Another stream ran under the Griffin pub, keeping their beer cool in the cellar.  A third lies on our eastern border and feeds into Micker Brook and the Mersey.  It still flows in a drain under the A34 bypass, and openly by the side of the path from Etchells Road leading to Sainsbury's and John Lewis car parks, for example.  All were too small for transport of goods in boats or barges.

Though never a formal political boundary “Long Lane” was an area along the now B5358 Wilmslow Road (former A34).  It ran from the top of Schools Hill where the road bent sharply to the right to continue to Cheadle (a turnpike at the bottom of the hill) and south to the Waggon & Horses pub and the Hurlbote turnpike at the other end   .  Long Lane was part of the main road to London right up to the advent of the motorways, and became increasingly busy with traffic. You can read a little more about the road in our articles on Griffin Farm and the Griffin Pub.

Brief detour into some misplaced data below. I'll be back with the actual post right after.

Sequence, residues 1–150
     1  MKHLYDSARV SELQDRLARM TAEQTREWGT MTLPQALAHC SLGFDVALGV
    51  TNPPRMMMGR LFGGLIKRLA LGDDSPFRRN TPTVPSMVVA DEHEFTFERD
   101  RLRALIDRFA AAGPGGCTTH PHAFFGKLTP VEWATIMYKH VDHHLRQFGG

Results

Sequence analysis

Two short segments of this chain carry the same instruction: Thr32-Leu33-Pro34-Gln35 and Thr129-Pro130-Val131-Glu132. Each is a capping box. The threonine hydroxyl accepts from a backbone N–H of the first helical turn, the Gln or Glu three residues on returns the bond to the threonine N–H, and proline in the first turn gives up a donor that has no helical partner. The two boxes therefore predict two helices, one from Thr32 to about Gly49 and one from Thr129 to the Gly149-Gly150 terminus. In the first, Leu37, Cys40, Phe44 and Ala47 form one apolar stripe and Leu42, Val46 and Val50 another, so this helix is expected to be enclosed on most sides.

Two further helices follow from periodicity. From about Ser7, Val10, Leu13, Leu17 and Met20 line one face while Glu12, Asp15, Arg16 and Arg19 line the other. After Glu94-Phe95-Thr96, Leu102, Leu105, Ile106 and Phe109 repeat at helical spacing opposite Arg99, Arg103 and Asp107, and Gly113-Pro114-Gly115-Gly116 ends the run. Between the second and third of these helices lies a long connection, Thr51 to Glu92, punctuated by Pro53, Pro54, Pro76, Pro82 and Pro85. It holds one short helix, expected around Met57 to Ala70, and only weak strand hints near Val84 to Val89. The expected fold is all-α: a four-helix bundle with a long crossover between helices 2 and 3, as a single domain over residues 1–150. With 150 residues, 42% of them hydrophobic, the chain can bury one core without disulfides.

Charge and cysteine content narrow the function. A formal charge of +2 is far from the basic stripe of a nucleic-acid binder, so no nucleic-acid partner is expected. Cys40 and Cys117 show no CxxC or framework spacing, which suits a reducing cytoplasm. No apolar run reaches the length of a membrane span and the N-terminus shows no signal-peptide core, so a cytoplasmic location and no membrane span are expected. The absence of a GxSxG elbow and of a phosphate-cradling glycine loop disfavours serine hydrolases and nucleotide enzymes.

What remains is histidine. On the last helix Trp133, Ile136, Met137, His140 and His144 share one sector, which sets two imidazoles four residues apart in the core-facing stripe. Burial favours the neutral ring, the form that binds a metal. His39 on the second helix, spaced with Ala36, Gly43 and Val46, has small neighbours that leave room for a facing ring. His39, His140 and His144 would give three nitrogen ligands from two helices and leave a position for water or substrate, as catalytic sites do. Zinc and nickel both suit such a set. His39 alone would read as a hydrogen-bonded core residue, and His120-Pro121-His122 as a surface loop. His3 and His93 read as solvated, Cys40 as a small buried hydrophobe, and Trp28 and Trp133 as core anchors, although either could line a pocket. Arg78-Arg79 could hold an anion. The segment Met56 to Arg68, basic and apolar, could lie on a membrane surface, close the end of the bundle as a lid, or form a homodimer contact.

Cheadle Royal was developed from the mid-1840s.  The first patients and staff would have travelled to Cheadle train station and then taken carriages along Long Lane to the property (named for Cheadle not Heald Green as we had no train station back then).  It had a great impact on and increased the population in the area through the purchase of farms, and building new or renting of existing houses and cottages in Heald Green for  patients and workers   .




Fig. 1e Long Lane c1815
© United Reformed Church
from Long Lane Cheadle Remembered - K and JT Williams 1998

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Horse and Cart - small.jpg

Fig. 1f Re-assembled high quality image of Mr. John Ambrose, taking grain to market in Bollington by horse and cart. 
© Graham Gill
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A picture from 1902 illustrates our ongoing local transport limitations.  Here, Mr. John Ambrose is taking grain from his farm based at the junction of Finney Lane and Wilmslow Road (Long Lane) to a market in Bollington - by horse and cart.  The newer brickwork on the side of the building suggests he had ceased to use the mill that was originally here   .